Winners of the International Ibsen Award

The International Ibsen Award honours an individual, institution or organization that has brought new artistic dimensions to the world of drama or theater. It is awarded every two years.


2016

Forced Entertainment

The British theatre group Forced Entertainment is the winner of the 2016 International Ibsen Award. It was announced on a press conference at the National Theatre in Oslo the 18th March 2016.

2014

Peter Handke

Peter Handke is the winner of the 2014 International Ibsen Award. It was announced on a press conference at the National Theatre in Oslo the 20th March 2014.

2012

Heiner Goebbels

Heiner Goebbels was the winner of the 2012 International Ibsen Award. The award ceremony took place during the Ibsen Festival at the National Theatre in Oslo on the 8th September 2012.

2010

Jon Fosse

The 2010 International Ibsen Award was given to the Norwegian playwright Jon Fosse. Jon Fosse is hard to play and has engendered a host of suggested, more or less successful interpretations. Still, there is a growing group of directors and actors of all ages who see him as a liberating voice in a sphere where the spectacular and overly obvious gains ground. As all important writers of drama, Fosse forces the theatre and its audiences to think in new ways. He is the poet of the unknown.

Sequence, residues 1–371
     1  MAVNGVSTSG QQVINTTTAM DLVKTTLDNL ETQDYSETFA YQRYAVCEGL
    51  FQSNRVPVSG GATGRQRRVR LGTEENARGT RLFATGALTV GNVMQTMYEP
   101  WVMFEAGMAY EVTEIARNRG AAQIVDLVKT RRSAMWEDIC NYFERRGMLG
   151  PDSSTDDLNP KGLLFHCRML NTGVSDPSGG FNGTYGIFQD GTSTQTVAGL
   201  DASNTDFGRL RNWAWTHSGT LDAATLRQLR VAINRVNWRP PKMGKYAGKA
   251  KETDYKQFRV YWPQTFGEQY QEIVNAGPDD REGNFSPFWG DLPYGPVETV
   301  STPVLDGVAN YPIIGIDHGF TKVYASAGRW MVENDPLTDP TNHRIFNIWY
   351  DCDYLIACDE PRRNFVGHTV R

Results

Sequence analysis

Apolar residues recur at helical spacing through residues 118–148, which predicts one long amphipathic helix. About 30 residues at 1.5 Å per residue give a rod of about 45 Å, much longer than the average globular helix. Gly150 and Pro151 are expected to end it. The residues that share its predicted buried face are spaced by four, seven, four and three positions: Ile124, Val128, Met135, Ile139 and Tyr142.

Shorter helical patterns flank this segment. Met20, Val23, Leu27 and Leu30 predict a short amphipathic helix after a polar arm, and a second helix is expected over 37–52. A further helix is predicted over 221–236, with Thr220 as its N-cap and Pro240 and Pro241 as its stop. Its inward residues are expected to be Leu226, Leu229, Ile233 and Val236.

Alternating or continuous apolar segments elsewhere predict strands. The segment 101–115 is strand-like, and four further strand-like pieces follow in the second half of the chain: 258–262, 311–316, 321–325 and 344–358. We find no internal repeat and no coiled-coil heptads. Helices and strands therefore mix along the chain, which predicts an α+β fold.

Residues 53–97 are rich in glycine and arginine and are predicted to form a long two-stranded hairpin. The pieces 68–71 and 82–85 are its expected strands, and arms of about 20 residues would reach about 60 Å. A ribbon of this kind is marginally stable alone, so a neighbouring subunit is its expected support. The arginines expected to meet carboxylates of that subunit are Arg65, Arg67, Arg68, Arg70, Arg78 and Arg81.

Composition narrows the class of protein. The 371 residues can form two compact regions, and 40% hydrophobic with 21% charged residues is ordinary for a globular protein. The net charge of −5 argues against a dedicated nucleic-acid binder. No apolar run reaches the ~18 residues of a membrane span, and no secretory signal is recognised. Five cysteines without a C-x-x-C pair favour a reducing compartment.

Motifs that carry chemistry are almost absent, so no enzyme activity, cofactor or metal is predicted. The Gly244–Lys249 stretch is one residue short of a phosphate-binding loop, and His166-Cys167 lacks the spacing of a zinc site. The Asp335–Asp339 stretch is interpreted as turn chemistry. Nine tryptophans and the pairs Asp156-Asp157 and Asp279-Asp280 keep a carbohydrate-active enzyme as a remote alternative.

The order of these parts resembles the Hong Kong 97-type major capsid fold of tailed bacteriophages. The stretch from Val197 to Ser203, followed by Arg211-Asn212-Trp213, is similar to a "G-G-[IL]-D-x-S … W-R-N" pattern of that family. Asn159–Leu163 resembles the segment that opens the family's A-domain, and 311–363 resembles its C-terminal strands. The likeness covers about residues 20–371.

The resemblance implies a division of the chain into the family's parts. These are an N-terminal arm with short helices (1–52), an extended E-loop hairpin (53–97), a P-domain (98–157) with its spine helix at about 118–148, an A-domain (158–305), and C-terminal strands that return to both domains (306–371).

2009

Ariane Mnouchkine

The 2009 International Ibsen Award was given to the French director Ariane Mnouchkine. Mnouchkine gathers people around her in order to tell stories of the great crises of civilisation, of long-ago battles and the persecution and desperation of refugees in our own time. Out of these tales of crisis and tragedy grows a strong, many would say utopian, community of experience between actors and audience, challenging our comfortable illusions.

2008

Peter Brook

Peter Brook was the first person to win the International Ibsen Award. The 2008 International Ibsen Award was given to Peter Brook for his successful demonstration that all significant theatre has a unique ability to bring people together, that culture is something everyone can appreciate, and that no group or nation can claim ownership of a work of literature, either in the form of words or as performed on stage.